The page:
|Height :||200 m above sea level NN|
|Incorporation :||January 1, 1994|
|Postal code :||01796|
|Area code :||035020|
Location of Thürmsdorf in Saxony
Thürmsdorf is located southeast of the Saxon capital Dresden in the Elbe Sandstone Mountains . The row village spreads out in the valley basin of the Behnabach , which flows through the place in an east-west direction. It is located in the east of the Struppener Ebenheit , to the left above the Elbe valley . The Pehnafall , where the stream plunges into a sandstone rock basin below the edge of the village, is the highest waterfall in Saxon Switzerland with a total drop of around 20 meters, of which around 12 meters in one piece . To the north of the corridor, the terrain rises to the up to 338 meter high plateau of the Kleiner Bärenstein , a table mountain typical of this part of the mountain range . On its south side is the Thürmsdorfer Stein, an important summit of the Saxon Switzerland climbing area with 63 ascent routes on its up to 30 meter high rock face. The lowest point of the Thürmsdorfer Flur lies in its extreme southeast on the Pehnabach, about 200 meters west of its confluence with the Elbe. The corridors around Thürmsdorf are largely used for agriculture, especially the slopes at the edge of the corridor are forested.
The defining building in the village is Thürmsdorf Castle with its park. Around one and a half kilometers southeast of Thürmsdorf, visible from many positions in the village, the striking Königstein rises with its famous fortress . From the Elbe slope near Thürmsdorf, which is called Niedere Kirchleite in this area and where there are old sandstone quarries, there is a beautiful view of Lilienstein, two kilometers to the east . Along the upper edge of the Niedere Kirchleite runs the border of the Thürmsdorf district and thus also the Struppen community to the town and district of Königstein . In the Elbe valley below the fortress and at the mouth of the Pehnabach are the Königsteiner Elbhäuser , the eastern neighbor of Thürmsdorf. In the south, on the south side of the Waldbachtal, it is also adjacent to Königsteiner Fluren. Neighboring to the west is the Struppen district with the districts Struppen-Siedlung (southwest) and Struppen or small troops . Other neighboring districts of Struppens are Naundorf in the northwest and Weißig in the northeast.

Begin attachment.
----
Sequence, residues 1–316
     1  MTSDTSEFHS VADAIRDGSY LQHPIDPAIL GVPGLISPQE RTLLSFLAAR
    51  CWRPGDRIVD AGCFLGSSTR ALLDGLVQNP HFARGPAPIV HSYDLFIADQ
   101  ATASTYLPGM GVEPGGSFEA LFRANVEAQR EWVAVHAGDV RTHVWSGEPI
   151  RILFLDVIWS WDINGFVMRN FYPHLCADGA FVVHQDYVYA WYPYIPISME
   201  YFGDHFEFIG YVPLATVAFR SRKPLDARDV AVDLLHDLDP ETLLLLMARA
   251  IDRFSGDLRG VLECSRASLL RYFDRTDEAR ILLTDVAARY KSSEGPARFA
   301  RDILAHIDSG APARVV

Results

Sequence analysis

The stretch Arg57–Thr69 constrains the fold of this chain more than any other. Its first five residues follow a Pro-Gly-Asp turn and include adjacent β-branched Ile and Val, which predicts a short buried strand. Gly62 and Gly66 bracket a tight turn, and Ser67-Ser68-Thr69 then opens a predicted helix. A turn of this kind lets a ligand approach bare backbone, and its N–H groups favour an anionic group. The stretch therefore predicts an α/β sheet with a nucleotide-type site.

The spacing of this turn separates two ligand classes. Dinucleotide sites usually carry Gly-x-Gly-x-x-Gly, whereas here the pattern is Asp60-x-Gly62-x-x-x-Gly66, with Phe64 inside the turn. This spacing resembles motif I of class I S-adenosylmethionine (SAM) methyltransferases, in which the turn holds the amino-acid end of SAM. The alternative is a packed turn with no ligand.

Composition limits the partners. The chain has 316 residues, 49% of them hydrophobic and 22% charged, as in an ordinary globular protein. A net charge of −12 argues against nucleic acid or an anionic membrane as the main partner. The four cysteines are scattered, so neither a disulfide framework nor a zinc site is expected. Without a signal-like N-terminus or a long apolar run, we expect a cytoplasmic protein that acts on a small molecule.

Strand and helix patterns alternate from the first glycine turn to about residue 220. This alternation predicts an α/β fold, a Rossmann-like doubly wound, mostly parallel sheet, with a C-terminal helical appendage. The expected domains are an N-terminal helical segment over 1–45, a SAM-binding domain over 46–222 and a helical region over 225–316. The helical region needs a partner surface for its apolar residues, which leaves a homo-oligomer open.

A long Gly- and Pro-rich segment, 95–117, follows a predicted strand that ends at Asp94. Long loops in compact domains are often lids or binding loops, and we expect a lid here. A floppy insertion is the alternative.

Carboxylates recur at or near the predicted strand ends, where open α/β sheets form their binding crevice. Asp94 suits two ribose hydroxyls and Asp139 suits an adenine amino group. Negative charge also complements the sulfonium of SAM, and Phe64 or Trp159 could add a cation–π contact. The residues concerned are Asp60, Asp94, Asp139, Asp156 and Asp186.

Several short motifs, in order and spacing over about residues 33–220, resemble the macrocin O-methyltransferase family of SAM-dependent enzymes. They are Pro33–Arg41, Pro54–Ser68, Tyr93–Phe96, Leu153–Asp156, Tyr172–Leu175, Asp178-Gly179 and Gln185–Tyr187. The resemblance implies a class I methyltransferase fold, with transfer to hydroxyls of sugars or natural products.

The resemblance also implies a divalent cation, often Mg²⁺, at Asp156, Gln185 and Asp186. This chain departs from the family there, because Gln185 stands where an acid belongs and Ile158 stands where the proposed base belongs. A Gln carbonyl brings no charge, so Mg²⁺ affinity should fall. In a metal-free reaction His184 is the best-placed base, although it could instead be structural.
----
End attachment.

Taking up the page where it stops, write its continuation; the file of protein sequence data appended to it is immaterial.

The most important road is the state road 164, which , coming from Pirna - Sonnenstein , continues over Ebenheit and Struppen in the direction of Königstein and also runs through the south of the Thürmsdorfer Flur. Bärensteinstrasse in the north of the corridor is the only public road connection in Oberrathens as district road 8734 . It connects this district on the left Elbe from Kurort Rathen via Weißig and Thürmsdorf with Struppen. Between these two streets, Thürmsdorfer Strasse opens up the Thürmsdorf location. There the streets Bärensteinweg, Spitzbergweg, Gartenweg, Am Schloßberg, Am Sonnenhang and Pehnaberg branch off from it. Via Thürmsdorfer Straße, the place is connected to the regional bus network of the Saxon Switzerland-Eastern Ore Mountains (RVSOE) . The Malerweg is an important hiking route through Thürmsdorf.